A Senate Go on Stem Cells

Lawmakers pass bill to get around limits imposed by President Bush, but he vows a veto.

A Divorce in Singapore

Johns Hopkins program, seen as pathbreaker for global graduate education, to close -- amid acrimony from former partners.

Putting That Science Degree to Work

Science and engineering students appreciate their degrees even decades later.

Fighting Back Against Extremists

Following increase in harassment from animal rights foes, UCLA announces campaign to protect researchers and their families.

A 'Perplexing' Tenure Decision

Since 1999, Gabrielle Stryker has been an assistant professor of biological sciences at Oakland University, in Michigan -- one of a handful of women specializing in the hard sciences at the institution.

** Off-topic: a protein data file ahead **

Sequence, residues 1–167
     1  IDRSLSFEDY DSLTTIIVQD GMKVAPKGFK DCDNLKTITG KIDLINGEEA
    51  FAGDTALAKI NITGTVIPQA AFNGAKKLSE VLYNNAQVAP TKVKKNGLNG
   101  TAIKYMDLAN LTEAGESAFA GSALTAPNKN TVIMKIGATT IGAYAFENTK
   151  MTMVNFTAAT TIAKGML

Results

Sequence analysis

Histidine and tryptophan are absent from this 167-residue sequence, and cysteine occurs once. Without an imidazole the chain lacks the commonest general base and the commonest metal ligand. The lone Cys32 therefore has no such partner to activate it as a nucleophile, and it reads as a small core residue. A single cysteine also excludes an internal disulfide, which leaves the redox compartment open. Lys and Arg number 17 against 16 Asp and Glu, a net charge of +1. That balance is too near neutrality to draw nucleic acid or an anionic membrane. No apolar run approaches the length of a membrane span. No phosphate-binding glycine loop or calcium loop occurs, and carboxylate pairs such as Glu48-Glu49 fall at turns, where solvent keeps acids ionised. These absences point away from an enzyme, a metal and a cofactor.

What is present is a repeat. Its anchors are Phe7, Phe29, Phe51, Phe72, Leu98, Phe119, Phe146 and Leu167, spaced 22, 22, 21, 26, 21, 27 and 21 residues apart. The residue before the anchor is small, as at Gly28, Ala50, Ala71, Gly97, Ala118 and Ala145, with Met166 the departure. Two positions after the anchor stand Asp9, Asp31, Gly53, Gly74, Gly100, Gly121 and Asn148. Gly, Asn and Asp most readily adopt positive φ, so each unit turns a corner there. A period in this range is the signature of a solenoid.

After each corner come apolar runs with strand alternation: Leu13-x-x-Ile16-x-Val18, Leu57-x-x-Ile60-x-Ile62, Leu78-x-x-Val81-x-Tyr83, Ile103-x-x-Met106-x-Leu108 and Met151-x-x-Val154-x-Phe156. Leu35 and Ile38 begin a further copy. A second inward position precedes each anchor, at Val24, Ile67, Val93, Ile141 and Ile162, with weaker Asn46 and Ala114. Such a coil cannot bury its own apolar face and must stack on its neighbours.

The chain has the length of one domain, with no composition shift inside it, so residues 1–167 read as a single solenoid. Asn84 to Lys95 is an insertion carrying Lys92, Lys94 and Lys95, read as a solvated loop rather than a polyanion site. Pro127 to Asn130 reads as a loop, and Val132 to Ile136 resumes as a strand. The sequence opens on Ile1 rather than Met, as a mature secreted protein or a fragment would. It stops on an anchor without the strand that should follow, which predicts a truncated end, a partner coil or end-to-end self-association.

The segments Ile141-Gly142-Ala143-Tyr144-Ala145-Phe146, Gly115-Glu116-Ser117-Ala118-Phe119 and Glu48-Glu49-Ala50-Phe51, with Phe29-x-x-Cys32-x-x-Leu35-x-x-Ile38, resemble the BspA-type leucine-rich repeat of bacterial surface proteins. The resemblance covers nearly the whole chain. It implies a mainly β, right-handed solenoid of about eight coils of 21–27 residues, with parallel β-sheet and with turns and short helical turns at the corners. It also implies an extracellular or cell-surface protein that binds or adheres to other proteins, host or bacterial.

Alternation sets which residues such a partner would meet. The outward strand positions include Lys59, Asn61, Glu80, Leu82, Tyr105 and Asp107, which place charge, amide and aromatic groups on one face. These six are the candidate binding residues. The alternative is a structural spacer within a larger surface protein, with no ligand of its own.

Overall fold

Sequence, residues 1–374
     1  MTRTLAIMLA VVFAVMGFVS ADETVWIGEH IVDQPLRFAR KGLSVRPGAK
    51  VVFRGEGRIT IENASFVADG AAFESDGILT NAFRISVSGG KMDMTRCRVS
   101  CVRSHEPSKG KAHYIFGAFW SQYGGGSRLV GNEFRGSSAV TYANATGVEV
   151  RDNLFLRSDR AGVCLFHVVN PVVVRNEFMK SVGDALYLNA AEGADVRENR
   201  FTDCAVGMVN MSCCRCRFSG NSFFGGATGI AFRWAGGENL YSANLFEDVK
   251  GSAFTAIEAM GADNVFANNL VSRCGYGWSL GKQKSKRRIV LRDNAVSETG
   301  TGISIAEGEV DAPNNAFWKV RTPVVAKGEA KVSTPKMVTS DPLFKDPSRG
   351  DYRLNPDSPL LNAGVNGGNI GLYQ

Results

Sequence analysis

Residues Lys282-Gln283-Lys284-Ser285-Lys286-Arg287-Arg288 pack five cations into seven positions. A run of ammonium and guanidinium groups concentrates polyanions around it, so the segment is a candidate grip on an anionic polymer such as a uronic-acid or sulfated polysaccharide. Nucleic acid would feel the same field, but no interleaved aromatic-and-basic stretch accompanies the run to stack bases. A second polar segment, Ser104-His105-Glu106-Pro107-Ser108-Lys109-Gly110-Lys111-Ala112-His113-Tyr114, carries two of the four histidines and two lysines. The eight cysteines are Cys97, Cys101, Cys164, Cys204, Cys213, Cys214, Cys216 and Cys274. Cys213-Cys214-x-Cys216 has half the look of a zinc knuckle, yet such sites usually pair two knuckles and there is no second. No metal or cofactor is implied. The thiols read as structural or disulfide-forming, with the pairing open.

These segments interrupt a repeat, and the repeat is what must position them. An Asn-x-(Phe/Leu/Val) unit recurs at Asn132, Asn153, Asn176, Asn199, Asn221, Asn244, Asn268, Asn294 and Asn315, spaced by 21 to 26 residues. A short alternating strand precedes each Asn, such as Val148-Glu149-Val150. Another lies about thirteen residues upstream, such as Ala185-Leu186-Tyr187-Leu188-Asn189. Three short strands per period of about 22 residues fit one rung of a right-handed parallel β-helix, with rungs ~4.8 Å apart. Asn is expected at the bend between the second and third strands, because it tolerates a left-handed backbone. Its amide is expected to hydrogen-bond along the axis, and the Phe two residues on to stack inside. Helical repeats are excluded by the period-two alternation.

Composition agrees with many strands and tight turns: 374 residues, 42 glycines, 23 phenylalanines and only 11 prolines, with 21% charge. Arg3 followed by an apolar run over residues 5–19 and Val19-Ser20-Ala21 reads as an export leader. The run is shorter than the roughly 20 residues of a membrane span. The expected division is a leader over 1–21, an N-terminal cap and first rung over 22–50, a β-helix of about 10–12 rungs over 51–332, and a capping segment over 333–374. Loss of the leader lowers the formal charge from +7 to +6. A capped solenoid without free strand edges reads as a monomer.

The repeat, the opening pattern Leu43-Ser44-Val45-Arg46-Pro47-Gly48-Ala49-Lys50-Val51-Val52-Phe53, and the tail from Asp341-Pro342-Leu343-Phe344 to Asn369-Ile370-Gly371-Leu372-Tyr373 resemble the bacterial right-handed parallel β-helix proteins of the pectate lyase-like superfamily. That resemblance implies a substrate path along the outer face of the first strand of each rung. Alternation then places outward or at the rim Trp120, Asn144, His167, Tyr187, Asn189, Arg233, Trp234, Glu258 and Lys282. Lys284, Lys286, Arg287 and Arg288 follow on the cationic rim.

House Panel Backs NIH Extension

Committee passes bill that would aim for 5% increases for biomedical research, but rebuffs effort to raise that ceiling.

Did Peter Singer Back Animal Research?

No, but the intellectual father of animal rights admitted the possibility that some experiments might be justified.

Professor's Hunger Strike Ultimatum

A professor who was denied tenure at the Massachusetts Institute of Technology has vowed to start a hunger strike on February 5 outside the provost's office.

"I will either see the provost resign and my hard-earned tenure granted at MIT, or I will die defiantly right outside his office," James L. Sherley, who teaches biological engineering, wrote in a letter to colleagues that he provided to Inside Higher Ed. While not commenting directly on Sherley's claims, MIT issued a statement that he has been treated fairly.

Stem Cell Silence

The University of Minnesota resists playing in a cultural tug of war -- yet is squarely stuck in the middle.

Calculating the Tobacco Taint

U. of Virginia researchers aim to prevent teen smoking -- with $25 million gift from Philip Morris. Does the end justify the means?


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